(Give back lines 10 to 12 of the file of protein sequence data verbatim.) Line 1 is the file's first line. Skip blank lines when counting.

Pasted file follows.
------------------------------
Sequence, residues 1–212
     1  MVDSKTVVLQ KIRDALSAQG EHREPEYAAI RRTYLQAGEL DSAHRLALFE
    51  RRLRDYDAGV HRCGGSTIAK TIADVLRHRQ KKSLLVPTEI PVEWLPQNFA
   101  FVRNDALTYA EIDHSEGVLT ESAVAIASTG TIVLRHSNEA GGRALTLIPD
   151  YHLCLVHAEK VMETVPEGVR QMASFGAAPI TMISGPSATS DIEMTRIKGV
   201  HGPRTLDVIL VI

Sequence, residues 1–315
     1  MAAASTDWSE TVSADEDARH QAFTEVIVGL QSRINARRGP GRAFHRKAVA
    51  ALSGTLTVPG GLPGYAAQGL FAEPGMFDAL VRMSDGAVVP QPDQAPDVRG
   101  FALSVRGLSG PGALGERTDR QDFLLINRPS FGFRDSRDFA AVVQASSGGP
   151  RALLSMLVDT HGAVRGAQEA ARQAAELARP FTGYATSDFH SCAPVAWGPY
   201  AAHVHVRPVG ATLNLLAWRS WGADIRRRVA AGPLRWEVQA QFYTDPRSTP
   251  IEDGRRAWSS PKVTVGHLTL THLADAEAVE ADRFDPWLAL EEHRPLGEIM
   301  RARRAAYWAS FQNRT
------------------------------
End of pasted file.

   101  FALSVRGLSG PGALGERTDR QDFLLINRPS FGFRDSRDFA AVVQASSGGP
   151  RALLSMLVDT HGAVRGAQEA ARQAAELARP FTGYATSDFH SCAPVAWGPY
   201  AAHVHVRPVG ATLNLLAWRS WGADIRRRVA AGPLRWEVQA QFYTDPRSTP